The earliest form of apparatus used to any considerable extent was the hoop net. This consisted generally of a hoop or ring of about 1/2-inch round iron, or a wooden hogshead hoop, from 2½ to 3 feet or more in diameter. To this hoop was attached a net bag with a depth of 18 to 24 inches as a bottom, while two wooden half hoops were bent above it, crossing at right angles in the center about 12 or 15 inches above the plane of the hoop. Sometimes these half hoops were replaced by short cords. The bait was suspended from the point of crossing of the two wooden hoops and the line for raising and lowering the pots was attached at the same place. As there was no way of closing the mouth of the pot after a lobster had entered, these nets had to be constantly watched, the lobster being in the habit of retiring after he had finished his repast. In using these the fisherman would generally go out in the evening and at short intervals he would haul in his nets and remove whatever lobsters they might contain. The constant attention necessary in attending to these hoop nets led the fishermen to devise an apparatus which would hold the lobsters after once entering and would require only occasional visits, and "lath pots" were found to fulfill all requirements. They acquire the name from the use of common laths in their construction. They are usually about 4 feet in length, with a width of about 2 feet, a height of 18 inches, and in Maine are usually of semicylindrical form.
The following description of this apparatus is from the Fishery Industries of the United States, sec. v, vol. 11, p. 666:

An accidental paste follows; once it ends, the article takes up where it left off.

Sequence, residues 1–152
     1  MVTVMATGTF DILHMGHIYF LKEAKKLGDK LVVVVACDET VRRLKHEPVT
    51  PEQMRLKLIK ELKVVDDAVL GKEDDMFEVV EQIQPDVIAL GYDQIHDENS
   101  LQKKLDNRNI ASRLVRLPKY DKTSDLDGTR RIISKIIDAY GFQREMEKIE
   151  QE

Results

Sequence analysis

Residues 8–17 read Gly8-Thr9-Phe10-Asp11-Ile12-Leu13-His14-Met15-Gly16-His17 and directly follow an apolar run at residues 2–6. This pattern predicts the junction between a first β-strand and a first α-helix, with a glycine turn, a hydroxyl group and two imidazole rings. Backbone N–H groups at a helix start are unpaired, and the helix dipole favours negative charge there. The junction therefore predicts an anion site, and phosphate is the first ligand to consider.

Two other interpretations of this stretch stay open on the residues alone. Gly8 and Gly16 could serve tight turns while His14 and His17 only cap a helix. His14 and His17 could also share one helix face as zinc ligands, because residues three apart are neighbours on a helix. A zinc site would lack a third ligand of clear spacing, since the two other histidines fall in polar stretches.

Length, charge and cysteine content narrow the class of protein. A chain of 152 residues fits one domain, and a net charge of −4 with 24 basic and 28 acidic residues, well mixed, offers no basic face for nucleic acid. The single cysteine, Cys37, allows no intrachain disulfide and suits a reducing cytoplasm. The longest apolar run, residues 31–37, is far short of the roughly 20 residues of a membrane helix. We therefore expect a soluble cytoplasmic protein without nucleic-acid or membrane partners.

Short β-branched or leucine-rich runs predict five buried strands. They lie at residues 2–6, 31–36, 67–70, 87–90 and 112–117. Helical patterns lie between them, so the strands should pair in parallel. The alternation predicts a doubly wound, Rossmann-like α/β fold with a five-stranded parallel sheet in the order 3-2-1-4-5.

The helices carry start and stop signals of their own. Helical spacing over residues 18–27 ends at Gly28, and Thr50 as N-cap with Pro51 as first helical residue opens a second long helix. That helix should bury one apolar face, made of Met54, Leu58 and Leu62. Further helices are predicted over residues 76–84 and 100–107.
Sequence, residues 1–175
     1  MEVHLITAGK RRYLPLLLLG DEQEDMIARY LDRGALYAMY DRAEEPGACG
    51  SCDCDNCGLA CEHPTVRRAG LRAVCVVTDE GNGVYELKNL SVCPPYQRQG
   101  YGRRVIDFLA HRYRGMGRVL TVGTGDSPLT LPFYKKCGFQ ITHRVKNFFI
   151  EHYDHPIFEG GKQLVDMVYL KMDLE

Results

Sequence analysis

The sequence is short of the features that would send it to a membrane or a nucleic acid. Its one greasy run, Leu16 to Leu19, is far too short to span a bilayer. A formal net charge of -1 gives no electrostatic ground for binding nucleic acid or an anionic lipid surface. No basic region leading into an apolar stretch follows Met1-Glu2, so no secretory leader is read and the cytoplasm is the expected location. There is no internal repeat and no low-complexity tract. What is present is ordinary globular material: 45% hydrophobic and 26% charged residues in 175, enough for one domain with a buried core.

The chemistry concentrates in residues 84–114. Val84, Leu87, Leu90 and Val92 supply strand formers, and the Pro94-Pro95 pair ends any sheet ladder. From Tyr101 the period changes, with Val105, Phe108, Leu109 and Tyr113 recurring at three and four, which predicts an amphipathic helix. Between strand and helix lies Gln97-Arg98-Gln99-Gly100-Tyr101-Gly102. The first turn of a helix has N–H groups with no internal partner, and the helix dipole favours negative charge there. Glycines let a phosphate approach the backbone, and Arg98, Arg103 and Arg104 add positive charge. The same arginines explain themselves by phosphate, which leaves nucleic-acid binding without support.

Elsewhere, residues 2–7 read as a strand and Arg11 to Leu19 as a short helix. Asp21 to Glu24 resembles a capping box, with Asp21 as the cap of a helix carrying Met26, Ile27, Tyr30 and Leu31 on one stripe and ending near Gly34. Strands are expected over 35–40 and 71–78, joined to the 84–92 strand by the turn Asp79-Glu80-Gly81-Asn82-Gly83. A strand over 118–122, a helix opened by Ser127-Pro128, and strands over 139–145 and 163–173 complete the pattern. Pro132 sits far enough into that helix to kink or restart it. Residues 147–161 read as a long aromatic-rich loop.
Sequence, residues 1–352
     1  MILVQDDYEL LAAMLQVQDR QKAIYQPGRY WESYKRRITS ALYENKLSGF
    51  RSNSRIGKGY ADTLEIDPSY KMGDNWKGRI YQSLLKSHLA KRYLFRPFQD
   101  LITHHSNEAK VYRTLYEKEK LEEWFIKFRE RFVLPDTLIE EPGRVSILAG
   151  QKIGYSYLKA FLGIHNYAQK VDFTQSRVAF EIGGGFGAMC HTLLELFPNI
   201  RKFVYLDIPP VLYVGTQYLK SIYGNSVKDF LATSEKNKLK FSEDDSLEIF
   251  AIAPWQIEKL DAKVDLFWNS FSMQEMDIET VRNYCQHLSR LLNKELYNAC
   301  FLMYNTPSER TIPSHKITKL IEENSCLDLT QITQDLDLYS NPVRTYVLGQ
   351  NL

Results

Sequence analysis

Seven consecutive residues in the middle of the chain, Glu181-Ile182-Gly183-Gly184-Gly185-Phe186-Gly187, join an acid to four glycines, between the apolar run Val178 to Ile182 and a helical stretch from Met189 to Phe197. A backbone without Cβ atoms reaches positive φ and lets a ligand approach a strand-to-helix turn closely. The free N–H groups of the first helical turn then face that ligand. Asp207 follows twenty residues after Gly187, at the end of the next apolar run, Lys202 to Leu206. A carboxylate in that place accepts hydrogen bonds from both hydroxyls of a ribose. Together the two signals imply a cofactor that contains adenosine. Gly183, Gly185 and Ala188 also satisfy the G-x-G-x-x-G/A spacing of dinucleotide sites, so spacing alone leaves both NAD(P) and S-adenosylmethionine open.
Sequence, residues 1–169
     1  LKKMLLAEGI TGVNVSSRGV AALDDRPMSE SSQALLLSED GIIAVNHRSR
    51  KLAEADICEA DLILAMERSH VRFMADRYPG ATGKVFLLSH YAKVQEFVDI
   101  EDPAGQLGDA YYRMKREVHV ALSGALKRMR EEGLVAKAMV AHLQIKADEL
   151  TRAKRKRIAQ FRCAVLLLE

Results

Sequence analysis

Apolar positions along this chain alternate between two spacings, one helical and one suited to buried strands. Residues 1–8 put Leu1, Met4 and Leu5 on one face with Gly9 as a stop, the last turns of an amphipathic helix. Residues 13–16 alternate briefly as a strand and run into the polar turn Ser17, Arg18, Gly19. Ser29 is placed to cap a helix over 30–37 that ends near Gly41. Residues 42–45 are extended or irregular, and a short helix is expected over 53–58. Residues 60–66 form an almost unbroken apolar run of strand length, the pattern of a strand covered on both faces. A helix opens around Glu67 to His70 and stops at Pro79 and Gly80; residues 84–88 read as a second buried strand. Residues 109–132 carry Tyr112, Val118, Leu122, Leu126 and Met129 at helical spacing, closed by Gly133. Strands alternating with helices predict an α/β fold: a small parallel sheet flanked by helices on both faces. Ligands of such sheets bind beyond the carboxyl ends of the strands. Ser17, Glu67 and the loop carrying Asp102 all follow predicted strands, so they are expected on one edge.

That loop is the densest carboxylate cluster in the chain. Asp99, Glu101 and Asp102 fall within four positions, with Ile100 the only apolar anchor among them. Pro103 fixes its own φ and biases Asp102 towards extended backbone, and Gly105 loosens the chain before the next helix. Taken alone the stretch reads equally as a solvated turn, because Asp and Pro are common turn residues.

The framework of the bottom consists of three strips of wood, either hemlock, spruce, or pine (the first mentioned being the most durable), a little longer than the width of the pot, about 2¾ inches wide and 1 inch thick. In the ends of each of the outer strips a hole is bored to receive the ends of a small branch of pliable wood, which is bent into a regular semicircular curve. These hoops are made of branches of spruce or hemlock, or of hardwood saplings, such as maple, birch, or ash, generally retaining the bark. Three of these similar frames, straight below and curved above, constitute the framework of each pot, one to stand at each end and one in the center. The narrow strips of wood, generally ordinary house laths of spruce or pine, which form the covering, are nailed lengthwise to them, with interspaces between about equal to the width of the lathe. On the bottom the laths are sometimes nailed on the outside and sometimes on the inside of the cross pieces. The door is formed by three or four of the laths running the entire length near the top. The door is hinged on by means of small leather strips, and is fastened by a single wooden button in the center, or by two buttons, one at each end. The openings into the pot … are two in number, one at each end, are generally knit of coarse twine and have a mesh between three-fourths of an inch and 1 inch square. They are funnel-shaped, with one side shorter than the other, and at the larger end have the same diameter as the framework. The smaller and inner end measures about 6 inches in diameter and is held open by means of a wire ring or wooden hoop. The funnels are fastened by the larger ends to the end frames of the pot, with the shorter side uppermost, so that when they are in place they lead obliquely upward into the pot instead of horizontally. The inner ends are secured in position by one or two cords extending to the center frame. The funnels are about 11 or 12 inches deep, and therefore extend about halfway to the center of the pot. They taper rapidly and form a strongly inclined plane, up which the lobsters must climb in their search for the bait. A two-strand manila twine is most commonly used for the funnels. Cotton is also used, but is more expensive and less durable.